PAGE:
Many people saw the February 28, 2022, IPCC report, IPCC AR6 WGII, Climate Change 2022: Impacts, Adaptation, and Vulnerability (IPCC AR6 WGII), as bad news, but in my view the bad news already happened. The bad news is – we are almost out of time, and we are already feeling impacts which will only get worse over time. We knew that.
This post is about the good news from the IPCC AR6 WGII. It’s good when the IPCC talks about the really bad news, and embraces civil society course adjustments. In these comments I’m relying on the Summary for Policy Makers.
1) Mental health is mentioned twelve times, and defined as “’Mental health’ includes impacts from extreme weather events, cumulative events, and vicarious or anticipatory events.” And saying “Climate change has adversely affected physical health of people globally (very high confidence) and mental health of people in the assessed regions (very high confidence).” (p. SPM 35)
This is big for climate litigators, who have been mentioning this issue for a while to courts, with little positive response. Now they can say that even the IPCC, a fairly conservative global scientific body, agrees that this is an issue worthy of consideration. And this report is signed by virtually all the nations of the world.
The definition is helpful because this is how climate mental health issues happen – people are worried about, or effected by, “vicarious or anticipatory events” and now you can litigate it and be taken a little more seriously.
2) Indigenous people had more of a role in making this report, and impacts to Indigenous people are highlighted throughout, noting that Indigenous people can be more seriously and frequently affected.
Again, this is stuff we’ve been screaming into the climate litigation void for years – now it can be said that the IPCC also thinks this is important.
It can also be argued that a consultative role regarding climate is supported by the way the IPCC did this, because the IPCC did consult Indigenous peoples, and because the impacts are so strongly highlighted.
3) Climate justice issues are also brought to the fore, with such recommendations as “Inclusive governance that prioritises equity and justice in adaptation planning and implementation leads to more effective and sustainable adaptation outcomes (high confidence).” (p. SPM 30)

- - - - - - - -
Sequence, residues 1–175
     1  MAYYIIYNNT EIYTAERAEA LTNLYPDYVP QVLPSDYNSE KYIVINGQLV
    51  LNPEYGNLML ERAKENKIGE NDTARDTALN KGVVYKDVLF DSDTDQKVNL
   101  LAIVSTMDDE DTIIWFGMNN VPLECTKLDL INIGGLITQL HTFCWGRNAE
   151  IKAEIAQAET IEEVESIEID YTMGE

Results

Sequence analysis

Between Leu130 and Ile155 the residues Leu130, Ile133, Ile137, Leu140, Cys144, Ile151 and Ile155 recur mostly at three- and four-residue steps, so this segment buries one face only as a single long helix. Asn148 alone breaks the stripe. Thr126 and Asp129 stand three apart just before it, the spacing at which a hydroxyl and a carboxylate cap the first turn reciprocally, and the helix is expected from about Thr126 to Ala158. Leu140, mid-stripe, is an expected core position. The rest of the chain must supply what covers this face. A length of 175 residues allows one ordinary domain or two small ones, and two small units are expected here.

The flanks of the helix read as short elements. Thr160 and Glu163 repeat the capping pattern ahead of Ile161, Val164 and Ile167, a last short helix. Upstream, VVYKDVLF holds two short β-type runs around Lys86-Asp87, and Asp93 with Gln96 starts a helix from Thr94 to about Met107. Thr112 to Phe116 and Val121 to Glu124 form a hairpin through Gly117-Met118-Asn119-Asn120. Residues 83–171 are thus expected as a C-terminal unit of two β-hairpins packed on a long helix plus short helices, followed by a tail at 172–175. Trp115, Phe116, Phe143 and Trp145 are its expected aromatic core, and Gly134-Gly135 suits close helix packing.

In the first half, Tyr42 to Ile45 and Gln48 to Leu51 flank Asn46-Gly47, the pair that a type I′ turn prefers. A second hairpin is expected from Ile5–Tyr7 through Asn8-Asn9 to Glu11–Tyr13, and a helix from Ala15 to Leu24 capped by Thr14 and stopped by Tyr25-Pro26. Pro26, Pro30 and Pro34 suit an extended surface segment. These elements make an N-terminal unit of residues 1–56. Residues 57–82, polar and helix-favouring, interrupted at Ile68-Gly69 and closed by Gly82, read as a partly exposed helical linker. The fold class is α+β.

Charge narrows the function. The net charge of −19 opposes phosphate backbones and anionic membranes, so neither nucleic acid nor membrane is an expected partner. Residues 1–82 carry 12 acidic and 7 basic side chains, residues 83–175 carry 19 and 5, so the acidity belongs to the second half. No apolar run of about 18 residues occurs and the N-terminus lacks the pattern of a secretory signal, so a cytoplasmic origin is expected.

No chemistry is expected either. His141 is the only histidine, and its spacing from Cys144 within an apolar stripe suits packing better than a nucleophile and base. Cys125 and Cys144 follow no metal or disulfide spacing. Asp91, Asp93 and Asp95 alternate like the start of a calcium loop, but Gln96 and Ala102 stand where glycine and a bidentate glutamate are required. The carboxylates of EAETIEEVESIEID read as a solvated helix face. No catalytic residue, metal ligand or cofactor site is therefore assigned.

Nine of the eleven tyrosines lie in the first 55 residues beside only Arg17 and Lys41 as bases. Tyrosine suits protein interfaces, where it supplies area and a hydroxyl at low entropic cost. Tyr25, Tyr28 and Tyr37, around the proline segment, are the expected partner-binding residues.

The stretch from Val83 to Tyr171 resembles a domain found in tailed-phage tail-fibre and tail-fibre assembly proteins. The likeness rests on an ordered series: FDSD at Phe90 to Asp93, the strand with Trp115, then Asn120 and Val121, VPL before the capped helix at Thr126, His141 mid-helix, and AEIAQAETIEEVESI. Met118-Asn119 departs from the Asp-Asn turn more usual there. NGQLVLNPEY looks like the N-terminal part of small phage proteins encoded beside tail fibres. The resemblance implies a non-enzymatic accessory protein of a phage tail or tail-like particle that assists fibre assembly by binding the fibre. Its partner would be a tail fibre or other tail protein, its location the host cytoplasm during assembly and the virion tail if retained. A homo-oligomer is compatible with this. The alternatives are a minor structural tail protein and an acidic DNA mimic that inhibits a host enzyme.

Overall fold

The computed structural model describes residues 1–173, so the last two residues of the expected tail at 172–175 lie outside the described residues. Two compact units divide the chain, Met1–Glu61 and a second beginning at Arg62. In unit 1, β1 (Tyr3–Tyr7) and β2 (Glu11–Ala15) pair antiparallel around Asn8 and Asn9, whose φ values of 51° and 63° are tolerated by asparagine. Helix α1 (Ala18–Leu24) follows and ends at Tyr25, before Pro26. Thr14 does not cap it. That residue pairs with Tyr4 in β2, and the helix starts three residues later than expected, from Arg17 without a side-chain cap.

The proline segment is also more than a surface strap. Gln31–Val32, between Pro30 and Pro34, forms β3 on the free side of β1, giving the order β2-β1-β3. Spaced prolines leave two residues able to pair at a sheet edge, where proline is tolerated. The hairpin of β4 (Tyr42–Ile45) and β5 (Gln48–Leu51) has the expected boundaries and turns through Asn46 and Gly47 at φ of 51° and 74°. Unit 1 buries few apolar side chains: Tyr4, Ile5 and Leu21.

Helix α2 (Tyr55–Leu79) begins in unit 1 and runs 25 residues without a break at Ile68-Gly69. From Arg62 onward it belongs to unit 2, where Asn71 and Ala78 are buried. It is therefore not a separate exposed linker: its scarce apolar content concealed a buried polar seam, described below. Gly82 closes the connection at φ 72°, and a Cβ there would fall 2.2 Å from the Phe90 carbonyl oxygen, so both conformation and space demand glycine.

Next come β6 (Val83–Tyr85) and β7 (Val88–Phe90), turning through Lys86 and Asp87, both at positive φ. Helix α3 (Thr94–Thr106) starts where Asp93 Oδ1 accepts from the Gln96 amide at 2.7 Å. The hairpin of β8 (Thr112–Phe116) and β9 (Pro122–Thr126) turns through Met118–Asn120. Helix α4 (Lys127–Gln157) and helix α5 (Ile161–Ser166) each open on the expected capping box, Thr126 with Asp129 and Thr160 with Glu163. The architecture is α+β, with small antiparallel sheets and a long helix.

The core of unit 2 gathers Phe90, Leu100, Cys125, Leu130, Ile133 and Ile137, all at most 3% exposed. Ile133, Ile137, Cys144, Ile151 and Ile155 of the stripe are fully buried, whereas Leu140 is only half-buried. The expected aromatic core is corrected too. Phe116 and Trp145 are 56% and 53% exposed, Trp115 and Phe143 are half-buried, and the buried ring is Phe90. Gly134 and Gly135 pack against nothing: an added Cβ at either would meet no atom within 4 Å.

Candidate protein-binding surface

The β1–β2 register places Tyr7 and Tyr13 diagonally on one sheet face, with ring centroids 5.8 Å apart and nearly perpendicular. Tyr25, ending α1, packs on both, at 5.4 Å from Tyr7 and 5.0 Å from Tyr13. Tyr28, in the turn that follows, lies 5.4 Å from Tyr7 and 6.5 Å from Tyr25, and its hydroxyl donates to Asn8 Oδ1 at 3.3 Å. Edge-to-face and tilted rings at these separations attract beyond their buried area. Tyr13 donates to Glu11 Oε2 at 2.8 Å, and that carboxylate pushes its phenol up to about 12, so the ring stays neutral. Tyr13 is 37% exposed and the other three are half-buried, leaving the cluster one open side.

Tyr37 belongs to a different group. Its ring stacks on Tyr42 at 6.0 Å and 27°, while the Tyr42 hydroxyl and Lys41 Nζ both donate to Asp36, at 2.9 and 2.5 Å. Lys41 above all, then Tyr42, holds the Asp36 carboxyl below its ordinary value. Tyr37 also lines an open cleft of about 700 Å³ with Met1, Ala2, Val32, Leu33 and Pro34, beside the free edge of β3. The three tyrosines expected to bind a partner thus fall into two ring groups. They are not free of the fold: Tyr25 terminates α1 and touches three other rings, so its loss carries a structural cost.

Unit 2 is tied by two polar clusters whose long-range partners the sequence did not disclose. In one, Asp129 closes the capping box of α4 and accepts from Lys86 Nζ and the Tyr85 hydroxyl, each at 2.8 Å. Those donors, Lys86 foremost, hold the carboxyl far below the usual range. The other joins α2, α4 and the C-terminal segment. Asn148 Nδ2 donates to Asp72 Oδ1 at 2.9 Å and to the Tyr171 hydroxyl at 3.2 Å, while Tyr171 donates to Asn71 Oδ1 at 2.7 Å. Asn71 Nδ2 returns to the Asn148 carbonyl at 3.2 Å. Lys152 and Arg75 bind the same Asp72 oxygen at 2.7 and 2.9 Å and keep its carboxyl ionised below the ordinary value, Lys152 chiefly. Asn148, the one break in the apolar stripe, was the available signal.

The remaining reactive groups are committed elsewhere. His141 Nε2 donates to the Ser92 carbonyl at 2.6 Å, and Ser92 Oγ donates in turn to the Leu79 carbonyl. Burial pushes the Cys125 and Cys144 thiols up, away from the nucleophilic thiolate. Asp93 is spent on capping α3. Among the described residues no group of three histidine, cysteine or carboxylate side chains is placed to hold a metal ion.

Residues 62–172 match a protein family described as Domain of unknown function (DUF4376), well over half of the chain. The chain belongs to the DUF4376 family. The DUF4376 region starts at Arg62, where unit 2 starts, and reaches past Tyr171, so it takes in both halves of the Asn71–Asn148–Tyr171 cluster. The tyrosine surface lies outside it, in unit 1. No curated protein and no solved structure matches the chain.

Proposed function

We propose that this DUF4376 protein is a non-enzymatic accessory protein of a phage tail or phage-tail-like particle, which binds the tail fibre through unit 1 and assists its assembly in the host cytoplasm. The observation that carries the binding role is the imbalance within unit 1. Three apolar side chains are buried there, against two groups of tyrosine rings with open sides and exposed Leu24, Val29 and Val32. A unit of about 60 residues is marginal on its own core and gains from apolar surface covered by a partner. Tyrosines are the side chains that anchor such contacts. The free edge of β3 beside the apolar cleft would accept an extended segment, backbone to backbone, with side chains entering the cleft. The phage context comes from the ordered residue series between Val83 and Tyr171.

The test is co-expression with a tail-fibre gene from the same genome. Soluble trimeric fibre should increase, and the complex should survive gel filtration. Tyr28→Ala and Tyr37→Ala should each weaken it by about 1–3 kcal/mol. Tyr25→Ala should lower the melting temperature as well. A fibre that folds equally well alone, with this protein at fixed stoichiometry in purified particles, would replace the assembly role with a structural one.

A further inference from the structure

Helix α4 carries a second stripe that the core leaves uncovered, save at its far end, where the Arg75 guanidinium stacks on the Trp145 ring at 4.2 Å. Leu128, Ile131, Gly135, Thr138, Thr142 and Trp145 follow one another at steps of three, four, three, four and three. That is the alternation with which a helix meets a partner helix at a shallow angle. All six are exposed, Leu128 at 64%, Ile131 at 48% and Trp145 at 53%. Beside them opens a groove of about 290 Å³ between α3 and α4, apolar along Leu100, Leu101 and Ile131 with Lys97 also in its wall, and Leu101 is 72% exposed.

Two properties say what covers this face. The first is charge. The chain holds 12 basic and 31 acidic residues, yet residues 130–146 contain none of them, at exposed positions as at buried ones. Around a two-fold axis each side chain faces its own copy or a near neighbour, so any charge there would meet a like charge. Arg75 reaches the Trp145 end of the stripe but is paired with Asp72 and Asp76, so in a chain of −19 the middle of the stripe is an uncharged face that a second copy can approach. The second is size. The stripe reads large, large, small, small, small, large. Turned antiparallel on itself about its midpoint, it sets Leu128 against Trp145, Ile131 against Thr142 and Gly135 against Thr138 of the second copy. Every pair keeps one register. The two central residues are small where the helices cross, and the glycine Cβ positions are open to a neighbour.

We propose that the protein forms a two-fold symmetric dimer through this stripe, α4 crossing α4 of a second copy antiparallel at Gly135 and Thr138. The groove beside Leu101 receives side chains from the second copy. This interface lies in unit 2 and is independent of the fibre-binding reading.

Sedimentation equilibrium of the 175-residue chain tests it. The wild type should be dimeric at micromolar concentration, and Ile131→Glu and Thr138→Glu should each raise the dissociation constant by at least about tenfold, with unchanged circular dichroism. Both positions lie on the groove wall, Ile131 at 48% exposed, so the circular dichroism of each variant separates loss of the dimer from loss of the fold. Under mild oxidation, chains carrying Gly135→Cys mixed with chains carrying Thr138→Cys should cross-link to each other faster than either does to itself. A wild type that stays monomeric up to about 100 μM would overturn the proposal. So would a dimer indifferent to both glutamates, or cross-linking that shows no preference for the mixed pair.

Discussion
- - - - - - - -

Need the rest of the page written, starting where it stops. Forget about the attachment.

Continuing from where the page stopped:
In this sense, combined with the above, this report tackles the root of the issues much more than before – governance, and how we make decisions together, and who has a right to be consulted, and tied into that – how it benefits everyone if we follow inclusionary processes at the earliest stages of decision making.
For instance: “SPM.D.2 Climate resilient development is enabled when governments, civil society and the private sector make inclusive development choices that prioritise risk reduction, equity and justice, and when decision-making processes, finance and actions are integrated across governance levels, sectors and timeframes (very high confidence).” (p. SPM 32)
Climate change is a justice problem, and we finally have the IPCC openly acknowledging that. Again, this makes it easier to litigate these issues.
Which all equals – all of the above, (the inclusion of mental health, vicarious or anticipatory human concern, Indigenous and climate justice voices, both in decision making and in considering impacts) – this is what we (climate lawyers, scientists, civil society) have been pushing for. Now the IPCC has taken it up, leading to a much more just process, with better chances of positive outcomes, regardless of the other bad news. People may say it’s too little too late, but all we have is now, and if justice becomes the issue we are getting close to real change.
So, there’s actually a lot you can do. Pushing for justice works. Don’t stop.